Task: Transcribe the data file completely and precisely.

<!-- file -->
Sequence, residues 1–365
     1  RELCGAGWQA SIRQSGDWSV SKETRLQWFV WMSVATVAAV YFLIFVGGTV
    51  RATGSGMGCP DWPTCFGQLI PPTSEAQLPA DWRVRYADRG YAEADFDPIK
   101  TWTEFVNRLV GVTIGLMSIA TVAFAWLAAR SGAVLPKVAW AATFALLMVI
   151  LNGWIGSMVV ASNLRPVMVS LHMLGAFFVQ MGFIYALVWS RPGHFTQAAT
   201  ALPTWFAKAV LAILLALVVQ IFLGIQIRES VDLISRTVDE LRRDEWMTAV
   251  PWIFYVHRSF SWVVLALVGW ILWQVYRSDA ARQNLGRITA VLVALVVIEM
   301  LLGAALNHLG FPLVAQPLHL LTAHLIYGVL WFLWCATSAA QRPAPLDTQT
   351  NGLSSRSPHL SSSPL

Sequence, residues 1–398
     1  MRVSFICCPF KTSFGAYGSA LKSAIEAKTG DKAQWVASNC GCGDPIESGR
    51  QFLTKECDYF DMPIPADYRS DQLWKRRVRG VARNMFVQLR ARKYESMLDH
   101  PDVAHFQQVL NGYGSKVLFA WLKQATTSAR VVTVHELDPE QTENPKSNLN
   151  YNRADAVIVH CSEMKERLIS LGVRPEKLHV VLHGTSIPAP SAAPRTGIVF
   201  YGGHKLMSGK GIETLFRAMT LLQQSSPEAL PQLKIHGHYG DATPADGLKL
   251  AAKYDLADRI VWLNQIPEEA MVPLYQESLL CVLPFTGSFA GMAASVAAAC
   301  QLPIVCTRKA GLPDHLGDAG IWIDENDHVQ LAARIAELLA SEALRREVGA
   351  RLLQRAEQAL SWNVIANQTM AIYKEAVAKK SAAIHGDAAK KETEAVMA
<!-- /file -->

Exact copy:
Sequence, residues 1–365
     1  RELCGAGWQA SIRQSGDWSV SKETRLQWFV WMSVATVAAV YFLIFVGGTV
    51  RATGSGMGCP DWPTCFGQLI PPTSEAQLPA DWRVRYADRG YAEADFDPIK
   101  TWTEFVNRLV GVTIGLMSIA TVAFAWLAAR SGAVLPKVAW AATFALLMVI
   151  LNGWIGSMVV ASNLRPVMVS LHMLGAFFVQ MGFIYALVWS RPGHFTQAAT
   201  ALPTWFAKAV LAILLALVVQ IFLGIQIRES VDLISRTVDE LRRDEWMTAV
   251  PWIFYVHRSF SWVVLALVGW ILWQVYRSDA ARQNLGRITA VLVALVVIEM
   301  LLGAALNHLG FPLVAQPLHL LTAHLIYGVL WFLWCATSAA QRPAPLDTQT
   351  NGLSSRSPHL SSSPL

Sequence, residues 1–398
     1  MRVSFICCPF KTSFGAYGSA LKSAIEAKTG DKAQWVASNC GCGDPIESGR
    51  QFLTKECDYF DMPIPADYRS DQLWKRRVRG VARNMFVQLR ARKYESMLDH
   101  PDVAHFQQVL NGYGSKVLFA WLKQATTSAR VVTVHELDPE QTENPKSNLN
   151  YNRADAVIVH CSEMKERLIS LGVRPEKLHV VLHGTSIPAP SAAPRTGIVF
   201  YGGHKLMSGK GIETLFRAMT LLQQSSPEAL PQLKIHGHYG DATPADGLKL
   251  AAKYDLADRI VWLNQIPEEA MVPLYQESLL CVLPFTGSFA GMAASVAAAC
   301  QLPIVCTRKA GLPDHLGDAG IWIDENDHVQ LAARIAELLA SEALRREVGA
   351  RLLQRAEQAL SWNVIANQTM AIYKEAVAKK SAAIHGDAAK KETEAVMA